Adamson, J. and G. (1977). Topsy and Tim go shopping. UK: Dorling Kindersley
Attwood, T. (1998). Asperger syndrome: a guide for parents and professionals. London: Jessica Kingsley
Butterworth, N. (1994). When we go shopping. UK: Collins
Comfort, L. (2000). Let's go shopping. UK: Mammoth
Dunn Buron, K. (2003). When my autism gets too big: a relaxation book for children with autistic spectrum disorders. USA: Autism Asperger Publishing Company
Designed to give young children with an ASD lots of strategies to help stay calm and avoid anxiety.
Dunn Darin, K and Curtis, M. (2003). The incredible 5- point scale: assisting children with ASDs in understanding social interactions and controlling their emotional responses. USA: Autism Asperger Publishing Company.
Aimed at children aged 7 to 13 years old to help them work at problem behaviour such as obsessions or yelling and move on to alternative positive behaviours.
Dickinson, P. and Hannah, L. (1998). It can get better ... dealing with common behaviour problems in young autistic children. UK: The National Autistic Society.
Gallacher, L. (2002). Let's go to the supermarket. USA: Simon and Schuster
Gillingham, G. (1995). Autism: handle with care!: understanding and managing behaviour of children and adults with autism. USA: Future Education Inc.
Grandin, T. (1995). Thinking in pictures and other reports from my life with autism. USA: First Vintage Books
Gray, C. (2002). My social stories book. London: Jessica Kingsley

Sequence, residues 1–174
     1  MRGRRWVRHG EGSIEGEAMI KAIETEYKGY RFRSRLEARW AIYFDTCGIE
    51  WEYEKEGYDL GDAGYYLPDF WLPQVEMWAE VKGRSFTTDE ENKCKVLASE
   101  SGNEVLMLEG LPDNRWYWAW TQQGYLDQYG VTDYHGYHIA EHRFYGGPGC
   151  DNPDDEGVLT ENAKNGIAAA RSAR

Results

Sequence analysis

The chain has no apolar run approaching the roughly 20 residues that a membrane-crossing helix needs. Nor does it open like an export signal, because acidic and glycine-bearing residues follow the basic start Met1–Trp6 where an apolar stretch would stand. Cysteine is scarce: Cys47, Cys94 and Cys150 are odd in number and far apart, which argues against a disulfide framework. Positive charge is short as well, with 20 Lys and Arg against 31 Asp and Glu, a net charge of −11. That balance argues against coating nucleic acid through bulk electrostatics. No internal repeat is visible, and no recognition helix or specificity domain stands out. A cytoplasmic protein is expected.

Jackson, L. (2002). Freaks, geeks and Asperger syndrome. London: Jessica Kingsley
Written by a teenager with Asperger syndrome and gives general guidelines on how to behave in different social situations.
May, F. (2005). Understanding behaviour. London: The National Autistic Society.
Written by former Autism Helpline Adviser Fiona May, this booklet offers an insight into practical approaches and strategies which can be applied in day-to-day situations.
Shea, K. (2004). Out and about at the supermarket. UK: Picture and Window Books
Segar, M. (1997). A guide to coping specifically for people with Asperger syndrome. Nottingham: The Early Years Centre.
Available from: The Early Years Centre, Publications, 272 Longdale Lane, Ravenshead, Nottingham NG15 9AH.
Written by a young adult with Asperger syndrome, this offers rules on how to behave in different social situations.
Moon, B. (2005). Let's go shopping. UK: Collins Educational
Williams, D. (1996). Autism: An inside out approach. London: Jessica Kingsley